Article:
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Migraine, a complex neurological condition, unfolds in distinct phases, each presenting unique symptoms and challenges.

Understanding these phases is essential for effective management. Physiotherapy offers valuable insights and interventions to address migraine symptoms throughout the various stages of an attack.

In this blog, we explore the phases of a migraine attack and the role of physiotherapy in mitigating its impact.

The Phases of a Migraine Attack:
  1. Prodrome Phase: The prodrome phase precedes the onset of headache and may last hours to days. Symptoms include mood changes, food cravings, fatigue, and increased thirst. This phase serves as a warning sign, alerting individuals to an impending migraine attack.
  2. Aura Phase: Not all migraineurs experience aura, but for those who do, it typically precedes the headache phase. Aura involves neurological symptoms such as visual disturbances, sensory changes, and speech difficulties. Aura symptoms typically last less than an hour but can be frightening and debilitating.
  3. Headache Phase: The headache phase is characterised by throbbing, intense head pain, often accompanied by nausea, vomiting, and sensitivity to light and sound. This phase can last from a few hours to several days, severely impacting daily activities and quality of life.
  4. Postdrome Phase: Following the headache phase, individuals may experience a postdrome or “migraine hangover.” Symptoms include fatigue, cognitive impairment, mood changes, and generalized body aches, persisting for hours to days after the headache subsides.

Physiotherapy Interventions:

Physiotherapy interventions aim to alleviate migraine symptoms, improve function, and enhance overall well-being throughout the various phases of an attack. Evidence-based approaches supported by recent literature include:

  1. Exercise Therapy: Aerobic exercise has been shown to reduce migraine frequency and severity, as well as improve mood and quality of life. A systematic review by Luedtke et al. (2015) found that exercise interventions led to significant reductions in migraine days per month and migraine-related disability.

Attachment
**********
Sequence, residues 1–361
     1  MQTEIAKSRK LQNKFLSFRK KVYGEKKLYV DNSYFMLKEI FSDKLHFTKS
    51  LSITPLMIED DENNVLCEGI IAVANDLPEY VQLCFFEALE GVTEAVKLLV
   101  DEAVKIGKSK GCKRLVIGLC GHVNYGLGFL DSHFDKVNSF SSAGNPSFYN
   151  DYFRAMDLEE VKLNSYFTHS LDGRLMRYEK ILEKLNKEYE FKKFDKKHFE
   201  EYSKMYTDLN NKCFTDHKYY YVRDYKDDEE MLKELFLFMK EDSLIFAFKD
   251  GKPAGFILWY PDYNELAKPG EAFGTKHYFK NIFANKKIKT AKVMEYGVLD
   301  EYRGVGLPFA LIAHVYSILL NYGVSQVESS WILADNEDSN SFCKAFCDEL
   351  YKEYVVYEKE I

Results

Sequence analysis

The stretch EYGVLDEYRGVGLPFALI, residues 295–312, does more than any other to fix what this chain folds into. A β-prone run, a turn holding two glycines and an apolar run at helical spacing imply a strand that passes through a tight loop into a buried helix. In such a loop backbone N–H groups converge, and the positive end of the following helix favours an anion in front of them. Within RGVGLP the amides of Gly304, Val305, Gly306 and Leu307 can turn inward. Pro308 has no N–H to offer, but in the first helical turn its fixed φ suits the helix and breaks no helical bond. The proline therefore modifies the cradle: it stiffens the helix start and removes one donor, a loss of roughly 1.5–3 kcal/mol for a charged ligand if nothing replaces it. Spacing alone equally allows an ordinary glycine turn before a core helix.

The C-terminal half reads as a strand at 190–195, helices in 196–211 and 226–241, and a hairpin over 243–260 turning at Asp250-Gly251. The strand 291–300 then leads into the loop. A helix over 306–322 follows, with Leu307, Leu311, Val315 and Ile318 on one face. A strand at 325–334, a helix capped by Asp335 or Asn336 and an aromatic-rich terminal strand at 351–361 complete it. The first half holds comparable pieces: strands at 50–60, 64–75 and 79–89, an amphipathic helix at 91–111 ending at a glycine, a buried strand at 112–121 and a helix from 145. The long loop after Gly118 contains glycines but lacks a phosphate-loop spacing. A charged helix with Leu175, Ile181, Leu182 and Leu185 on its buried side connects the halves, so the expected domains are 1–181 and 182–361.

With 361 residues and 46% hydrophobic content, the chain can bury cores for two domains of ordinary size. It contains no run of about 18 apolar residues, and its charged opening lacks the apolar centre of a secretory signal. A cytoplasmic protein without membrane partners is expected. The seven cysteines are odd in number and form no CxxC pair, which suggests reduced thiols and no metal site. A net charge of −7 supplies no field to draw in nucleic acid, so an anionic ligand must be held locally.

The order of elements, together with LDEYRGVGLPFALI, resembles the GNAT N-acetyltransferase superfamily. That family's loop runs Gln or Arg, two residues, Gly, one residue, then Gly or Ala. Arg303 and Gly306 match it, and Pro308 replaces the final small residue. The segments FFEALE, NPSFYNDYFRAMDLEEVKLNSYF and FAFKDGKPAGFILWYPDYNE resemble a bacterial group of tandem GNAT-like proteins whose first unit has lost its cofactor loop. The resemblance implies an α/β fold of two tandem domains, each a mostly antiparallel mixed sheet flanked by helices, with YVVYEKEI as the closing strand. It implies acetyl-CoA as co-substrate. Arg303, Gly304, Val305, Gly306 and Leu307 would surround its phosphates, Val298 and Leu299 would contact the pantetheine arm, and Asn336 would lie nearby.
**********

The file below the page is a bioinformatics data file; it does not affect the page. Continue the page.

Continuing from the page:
2. Manual Therapy: Manual therapy techniques, such as spinal mobilisation, have been shown to provide relief from migraine symptoms. A randomised controlled trial (RCT) by Chaibi et al. (2014) demonstrated the effectiveness of manual therapy in reducing migraine frequency and intensity.

The bottom line…

Understanding the phases of a migraine attack is crucial for effective management and symptom relief.

Physiotherapy offers valuable interventions throughout the migraine cycle, from the prodrome to the postdrome phase. By incorporating exercise therapy, manual therapy techniques, and patient education, physiotherapists empower individuals to better manage migraine symptoms and improve their quality of life.

Don’t suffer in silence! Call us on 1800 43 23 22 or find us online to book an appointment and start treating your headaches and migraines today!


Chaibi, A., Tuchin, P. J., & Russell, M. B. (2014). Manual therapies for migraine: a systematic review. The Journal of Headache and Pain, 15(1), 67.

Luedtke, K., Allers, A., Schulte, L. H., & May, A. (2015). Efficacy of interventions used by physiotherapists for patients with headache and migraine—systematic review and meta-analysis. Cephalalgia, 35(5), 436-449.


Written by:

Haeley Kan
Headache Clinician


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